Why '500 Questions' is the trivia experience TV needs
I am a game show zealot. I believe in the umber glow of Chuck Woolery and the sneering capabilities of Paul Lynde. I'm also a rabid fan of trivia; I was on "Jeopardy!" a couple weeks ago and GSN's "The Chase" before that. Every time network TV rolls out a new primetime trivia-based game show, I'm listening and hopeful and there -- and I have three spring-loaded requests: 1) Please, Jesus, anything but more "Who Wants to be a Millionaire?"-type lighting; 2) Good lord, no more multiple choice questions; 3) Make me love you, new show. I want to love you. Embrace me, you child.
Last year we got the Ryan Seacrest-hosted "Million Second Quiz," a multiple-choice bonanza with "Millionaire" lighting that was tedious and unchallenging (read: not lovable). You can understand my devastation there.
"500 Questions" is this year's new primetime trivia attempt. Hosted by CNN journalist Richard Quest, "500 Questions" airs on ABC for seven straight weeknights. It has some issues; the money payout per question underwhelms, and you never feel like the competing contestants are in enough peril. But it has a lot that I love, and I realize now it's because the show mines old trivia game shows for exciting new question formats.
Here are three quick reasons game show nerds should dig "500 Questions," a show that puts one contestant up against a wall of trivia questions and lets him rack up money until he misses three in a row.
Long live VH1's two-season beaut "The World Series of Pop Culture," a no-frills duel between pop culture nerds. Sometimes the questions were simplistic, but when the show heightened the stakes, it was thrilling. The best rounds were tiebreaker situations in which two players went back and forth naming correct answers until somebody finally missed. How long would you last naming singles off "ABBA Gold"? Or Grammy-winning rappers? "The World Series of Pop Culture" required that kind of comprehensive knowledge, and so does "500 Questions." Certain questions are designated "Battles" in which one contestant goes back and forth with an opponent. On episode one we saw a blitz between two players naming the past eight presidents who also served as governor of a U.S. state. It's a cool, thrilling way to make tough trivia fun. Glad the spirit of my favorite VH1 show is being served in 2015 primetime.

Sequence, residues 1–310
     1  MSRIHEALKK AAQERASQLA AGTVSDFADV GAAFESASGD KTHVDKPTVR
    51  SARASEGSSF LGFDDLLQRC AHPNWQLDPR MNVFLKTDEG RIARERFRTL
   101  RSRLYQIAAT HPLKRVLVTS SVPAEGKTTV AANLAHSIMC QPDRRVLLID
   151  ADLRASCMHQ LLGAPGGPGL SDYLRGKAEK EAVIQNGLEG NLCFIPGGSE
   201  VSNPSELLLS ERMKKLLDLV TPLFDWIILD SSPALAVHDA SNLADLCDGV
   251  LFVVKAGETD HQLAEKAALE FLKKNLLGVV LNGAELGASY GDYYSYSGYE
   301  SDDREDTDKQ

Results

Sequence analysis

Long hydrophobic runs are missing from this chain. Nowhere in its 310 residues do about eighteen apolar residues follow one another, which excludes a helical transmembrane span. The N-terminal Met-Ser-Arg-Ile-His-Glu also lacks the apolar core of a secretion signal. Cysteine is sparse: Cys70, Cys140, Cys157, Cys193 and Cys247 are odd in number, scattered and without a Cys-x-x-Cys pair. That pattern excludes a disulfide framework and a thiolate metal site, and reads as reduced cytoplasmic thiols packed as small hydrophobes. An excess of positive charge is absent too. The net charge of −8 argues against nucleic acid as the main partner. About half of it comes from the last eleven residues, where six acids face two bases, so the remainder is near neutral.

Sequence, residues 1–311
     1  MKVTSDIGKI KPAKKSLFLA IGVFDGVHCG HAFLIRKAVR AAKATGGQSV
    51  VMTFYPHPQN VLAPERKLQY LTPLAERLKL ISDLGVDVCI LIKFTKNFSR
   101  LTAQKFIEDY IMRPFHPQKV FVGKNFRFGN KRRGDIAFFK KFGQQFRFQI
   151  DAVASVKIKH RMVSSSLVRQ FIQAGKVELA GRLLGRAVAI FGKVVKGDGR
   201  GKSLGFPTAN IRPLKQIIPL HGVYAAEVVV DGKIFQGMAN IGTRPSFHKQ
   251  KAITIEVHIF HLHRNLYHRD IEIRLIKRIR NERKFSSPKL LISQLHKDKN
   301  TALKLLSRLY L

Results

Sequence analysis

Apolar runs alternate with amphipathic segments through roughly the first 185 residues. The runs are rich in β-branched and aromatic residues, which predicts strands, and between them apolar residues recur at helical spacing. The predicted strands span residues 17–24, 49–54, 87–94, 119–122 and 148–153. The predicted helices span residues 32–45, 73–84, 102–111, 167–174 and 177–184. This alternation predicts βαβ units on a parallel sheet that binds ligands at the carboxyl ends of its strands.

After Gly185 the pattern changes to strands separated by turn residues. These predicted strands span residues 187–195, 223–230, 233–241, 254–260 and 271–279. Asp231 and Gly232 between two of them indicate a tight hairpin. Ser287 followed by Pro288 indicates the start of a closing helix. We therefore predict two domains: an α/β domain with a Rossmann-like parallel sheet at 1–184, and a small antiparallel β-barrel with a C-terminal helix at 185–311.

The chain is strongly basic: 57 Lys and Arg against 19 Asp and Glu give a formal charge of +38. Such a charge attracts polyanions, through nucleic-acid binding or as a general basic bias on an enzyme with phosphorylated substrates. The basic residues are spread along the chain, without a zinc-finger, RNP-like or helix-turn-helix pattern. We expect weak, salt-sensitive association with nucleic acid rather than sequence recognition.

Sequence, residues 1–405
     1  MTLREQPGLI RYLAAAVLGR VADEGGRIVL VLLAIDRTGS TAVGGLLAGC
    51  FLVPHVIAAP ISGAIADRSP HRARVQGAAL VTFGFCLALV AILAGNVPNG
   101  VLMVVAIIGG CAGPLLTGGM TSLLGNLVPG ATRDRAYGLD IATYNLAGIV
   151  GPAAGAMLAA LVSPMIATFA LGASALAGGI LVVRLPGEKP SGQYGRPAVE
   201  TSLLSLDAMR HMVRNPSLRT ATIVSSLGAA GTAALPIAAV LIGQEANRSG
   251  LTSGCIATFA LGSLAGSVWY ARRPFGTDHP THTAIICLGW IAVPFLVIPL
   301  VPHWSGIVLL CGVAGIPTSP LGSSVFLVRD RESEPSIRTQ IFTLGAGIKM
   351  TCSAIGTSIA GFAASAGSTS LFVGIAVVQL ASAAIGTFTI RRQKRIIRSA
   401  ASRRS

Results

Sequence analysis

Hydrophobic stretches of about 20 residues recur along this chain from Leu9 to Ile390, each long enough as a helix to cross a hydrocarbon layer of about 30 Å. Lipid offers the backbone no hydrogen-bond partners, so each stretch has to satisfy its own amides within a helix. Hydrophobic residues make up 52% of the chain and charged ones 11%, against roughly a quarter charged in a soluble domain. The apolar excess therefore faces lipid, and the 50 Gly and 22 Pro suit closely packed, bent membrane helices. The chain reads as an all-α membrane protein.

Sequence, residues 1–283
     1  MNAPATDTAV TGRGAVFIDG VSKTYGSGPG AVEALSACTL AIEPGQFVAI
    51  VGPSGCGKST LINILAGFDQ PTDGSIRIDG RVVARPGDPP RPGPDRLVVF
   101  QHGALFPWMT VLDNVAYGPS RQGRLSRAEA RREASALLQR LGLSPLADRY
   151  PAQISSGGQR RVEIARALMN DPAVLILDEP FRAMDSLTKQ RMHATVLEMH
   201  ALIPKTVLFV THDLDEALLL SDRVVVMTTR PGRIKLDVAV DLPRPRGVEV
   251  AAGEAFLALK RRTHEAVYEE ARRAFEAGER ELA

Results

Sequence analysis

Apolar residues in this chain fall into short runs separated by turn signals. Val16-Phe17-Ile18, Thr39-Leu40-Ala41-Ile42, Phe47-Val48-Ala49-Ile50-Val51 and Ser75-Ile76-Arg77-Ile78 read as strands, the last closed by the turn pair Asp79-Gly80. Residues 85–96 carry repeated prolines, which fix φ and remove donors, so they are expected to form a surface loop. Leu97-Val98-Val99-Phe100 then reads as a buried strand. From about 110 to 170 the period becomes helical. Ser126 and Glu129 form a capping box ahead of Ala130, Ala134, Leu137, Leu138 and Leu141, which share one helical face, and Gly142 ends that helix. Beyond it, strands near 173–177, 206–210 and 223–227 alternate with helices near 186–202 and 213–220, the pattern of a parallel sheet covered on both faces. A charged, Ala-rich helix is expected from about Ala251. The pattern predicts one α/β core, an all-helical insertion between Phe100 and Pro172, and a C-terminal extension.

2. It brings back the best part of the Wink Martindale classic "Tic Tac Dough"
"Tic Tac Dough" was the familiar game of Xs and Os with an added trivia element. In its '80s incarnation hosted by Wink Martindale, one particular round was called "Auction" in which two contestants bet to see who could give more correct answers to a question. If the question were "Name the seven original cast members of 'Saturday Night Live,'" you might bet that you can name five correct answers; if your opponent says he can get six or more, he gets a chance to prove it and win the question. "500 Questions" offers something similar with its "Triple Threat" question round, in which a contestant must name three correct answers to a given question. It's rare that game shows make contestants spend time listing responses. And why is that? If you've ever seen "Quiz Show" with Ralph Fiennes (which detailed the real-life rigging scandal behind the '50s quiz "Twenty-One"), the most compelling questions required contestants to name multiple answers. It's an intimidating and old-school format that deserves a comeback.
3. Its contestants (so far) are legends of quiz shows.
On the first episode of "500 Questions," we saw Ogi Ogas return to the quiz show stage. Ogas won $500,000 on "Who Wants to be a Millionaire?" and came in second on GSN's "Grand Slam," a tournament pitting quiz show legends against each other. Ogas also appeared on the syndicated version of "Millionaire" as the "Ask the Expert" lifeline 22 times. Other "500 Questions" contestants in the pool (as evidenced by shots of the crowd) are "Jeopardy!" veterans Pam Mueller and Clifford Galiher, who both won the College Tournament, and a contestant from GSN's "The Chase" named James, who scored the most massive victory against the show's resident "beast" Mark Labbett in series history. "500 Questions" is showing serious commitment to casting fantastic players, which means most episodes should be intense.
We've only got seven straight weeknights of "500 Questions"; let's celebrate the interesting trivia and high level of contestant skill while we still can.